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Document Details :
Title: Democracy and its Disfigurements
Subtitle: An Interview with Nadia Urbinati
Author(s): RESMINI, Marta , SCHOONHEIM, Liesbeth
Journal: Tijdschrift voor Filosofie
Volume: 78 Issue: 1 Date: 2016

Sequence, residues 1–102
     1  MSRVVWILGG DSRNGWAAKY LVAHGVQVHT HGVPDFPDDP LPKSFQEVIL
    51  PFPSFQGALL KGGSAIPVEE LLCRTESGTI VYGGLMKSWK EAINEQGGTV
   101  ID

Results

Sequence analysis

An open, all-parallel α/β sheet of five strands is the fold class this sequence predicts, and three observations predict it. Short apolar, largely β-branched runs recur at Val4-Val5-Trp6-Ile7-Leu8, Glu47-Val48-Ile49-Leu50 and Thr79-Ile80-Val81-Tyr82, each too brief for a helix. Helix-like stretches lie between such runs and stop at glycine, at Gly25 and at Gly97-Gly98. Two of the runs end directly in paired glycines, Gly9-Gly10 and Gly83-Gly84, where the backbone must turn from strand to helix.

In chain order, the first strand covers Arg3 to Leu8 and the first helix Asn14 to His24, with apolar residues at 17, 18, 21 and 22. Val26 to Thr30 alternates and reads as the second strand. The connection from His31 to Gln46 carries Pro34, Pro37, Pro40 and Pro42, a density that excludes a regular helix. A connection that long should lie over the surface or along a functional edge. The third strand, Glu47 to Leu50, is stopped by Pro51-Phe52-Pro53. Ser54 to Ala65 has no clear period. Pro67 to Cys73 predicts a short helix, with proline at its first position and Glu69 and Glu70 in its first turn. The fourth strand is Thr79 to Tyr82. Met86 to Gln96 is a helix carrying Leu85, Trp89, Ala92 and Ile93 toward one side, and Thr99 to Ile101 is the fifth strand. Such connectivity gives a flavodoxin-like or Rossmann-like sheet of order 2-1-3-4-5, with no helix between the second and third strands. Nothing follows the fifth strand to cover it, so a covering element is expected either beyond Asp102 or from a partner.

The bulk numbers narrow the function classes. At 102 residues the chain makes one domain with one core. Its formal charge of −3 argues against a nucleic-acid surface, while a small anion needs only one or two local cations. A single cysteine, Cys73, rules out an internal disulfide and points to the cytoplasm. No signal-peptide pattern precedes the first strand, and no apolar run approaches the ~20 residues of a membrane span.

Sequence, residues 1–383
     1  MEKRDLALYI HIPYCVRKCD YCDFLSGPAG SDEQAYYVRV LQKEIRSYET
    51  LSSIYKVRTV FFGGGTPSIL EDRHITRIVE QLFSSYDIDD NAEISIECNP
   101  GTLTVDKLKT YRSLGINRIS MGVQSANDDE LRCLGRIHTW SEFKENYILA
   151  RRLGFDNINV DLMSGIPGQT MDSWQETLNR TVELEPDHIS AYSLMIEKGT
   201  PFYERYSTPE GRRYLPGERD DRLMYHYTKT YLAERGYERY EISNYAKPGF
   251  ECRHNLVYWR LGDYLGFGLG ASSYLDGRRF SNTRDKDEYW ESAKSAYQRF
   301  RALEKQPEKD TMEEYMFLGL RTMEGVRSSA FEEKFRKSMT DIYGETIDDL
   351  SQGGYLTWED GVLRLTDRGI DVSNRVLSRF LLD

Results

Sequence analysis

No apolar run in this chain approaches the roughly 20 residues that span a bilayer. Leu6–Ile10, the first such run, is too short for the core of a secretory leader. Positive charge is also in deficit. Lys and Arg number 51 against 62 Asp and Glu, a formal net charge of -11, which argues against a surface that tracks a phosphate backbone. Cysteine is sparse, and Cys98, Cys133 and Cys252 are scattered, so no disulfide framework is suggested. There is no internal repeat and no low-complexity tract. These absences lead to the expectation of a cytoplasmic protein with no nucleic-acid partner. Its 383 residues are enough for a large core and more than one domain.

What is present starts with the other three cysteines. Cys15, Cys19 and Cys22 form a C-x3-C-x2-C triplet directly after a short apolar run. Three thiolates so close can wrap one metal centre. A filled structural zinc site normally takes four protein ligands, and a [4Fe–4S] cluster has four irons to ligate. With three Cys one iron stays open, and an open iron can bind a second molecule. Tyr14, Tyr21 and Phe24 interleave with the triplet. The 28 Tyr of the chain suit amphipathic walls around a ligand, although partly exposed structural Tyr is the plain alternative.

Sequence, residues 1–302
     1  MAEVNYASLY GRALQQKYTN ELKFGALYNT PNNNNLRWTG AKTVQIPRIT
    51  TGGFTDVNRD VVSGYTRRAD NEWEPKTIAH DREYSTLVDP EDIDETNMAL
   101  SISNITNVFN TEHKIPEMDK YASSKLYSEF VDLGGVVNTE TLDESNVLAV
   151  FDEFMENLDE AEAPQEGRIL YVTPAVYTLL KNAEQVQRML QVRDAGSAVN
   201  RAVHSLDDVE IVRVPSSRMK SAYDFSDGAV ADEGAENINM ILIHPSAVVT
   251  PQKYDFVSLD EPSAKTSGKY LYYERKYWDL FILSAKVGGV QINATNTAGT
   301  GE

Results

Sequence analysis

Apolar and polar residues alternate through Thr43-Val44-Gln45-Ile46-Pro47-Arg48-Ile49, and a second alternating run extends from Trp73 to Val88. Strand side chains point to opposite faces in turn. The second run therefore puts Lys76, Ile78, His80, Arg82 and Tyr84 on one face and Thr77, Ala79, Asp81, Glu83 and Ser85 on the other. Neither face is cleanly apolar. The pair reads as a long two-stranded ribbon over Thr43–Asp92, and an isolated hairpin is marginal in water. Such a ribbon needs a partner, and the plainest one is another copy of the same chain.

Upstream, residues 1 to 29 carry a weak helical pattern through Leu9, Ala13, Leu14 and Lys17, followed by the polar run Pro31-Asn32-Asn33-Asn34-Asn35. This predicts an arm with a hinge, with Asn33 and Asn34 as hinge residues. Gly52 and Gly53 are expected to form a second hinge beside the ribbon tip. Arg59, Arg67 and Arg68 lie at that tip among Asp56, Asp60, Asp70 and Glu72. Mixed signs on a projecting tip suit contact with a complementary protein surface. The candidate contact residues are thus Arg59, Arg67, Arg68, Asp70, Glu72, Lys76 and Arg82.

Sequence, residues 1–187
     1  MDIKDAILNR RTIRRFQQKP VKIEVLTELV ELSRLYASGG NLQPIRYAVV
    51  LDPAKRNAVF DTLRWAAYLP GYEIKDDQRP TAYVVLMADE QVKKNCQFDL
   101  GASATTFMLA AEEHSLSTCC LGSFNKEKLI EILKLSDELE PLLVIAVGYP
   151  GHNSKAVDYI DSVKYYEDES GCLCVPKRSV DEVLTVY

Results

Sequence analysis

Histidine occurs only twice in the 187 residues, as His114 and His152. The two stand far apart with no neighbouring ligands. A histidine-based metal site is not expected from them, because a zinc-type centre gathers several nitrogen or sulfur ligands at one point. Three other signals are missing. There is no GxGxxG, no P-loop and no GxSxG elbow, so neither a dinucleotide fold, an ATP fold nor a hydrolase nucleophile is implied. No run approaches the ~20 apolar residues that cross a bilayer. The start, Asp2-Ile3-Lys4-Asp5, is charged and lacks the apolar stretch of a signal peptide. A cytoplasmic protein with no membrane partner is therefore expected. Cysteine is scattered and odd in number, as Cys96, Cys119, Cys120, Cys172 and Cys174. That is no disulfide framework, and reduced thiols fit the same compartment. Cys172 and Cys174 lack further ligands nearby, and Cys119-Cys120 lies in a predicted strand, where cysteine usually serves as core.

In this interview, Nadia Urbinati elaborates on her lecture at the conference ‘Power and Representation’ (hosted by ripple, Research in Political Philosophy Leuven in June 2014), and on her recently published book Democracy Disfigured: Opinion, Truth, and the People. More specifically, she discusses the challenges of contemporary democracy in relation to her previous work on democratic representation and on a variety of authors, such as Joseph Schumpeter, Max Weber, Albert Hirschmann, and Bernard Manin. Drawing on her previous research on the importance of will (procedures for decision-making) and opinion (formation and expression of judgements), in her new book, Urbinati develops an account of three different ‘disfigurements’ — technocracy, populism, and plebiscitarianism — that can distort a well-functioning democracy. She traces each of these disfigurements back to ideas and practices that already existed in ancient Athens and Rome, but she claims that they have become even more urgent in the recent decades, forming the main challenges to democracy today. Against this background, she argues in favour of a normative endorsement of democratic proceduralism.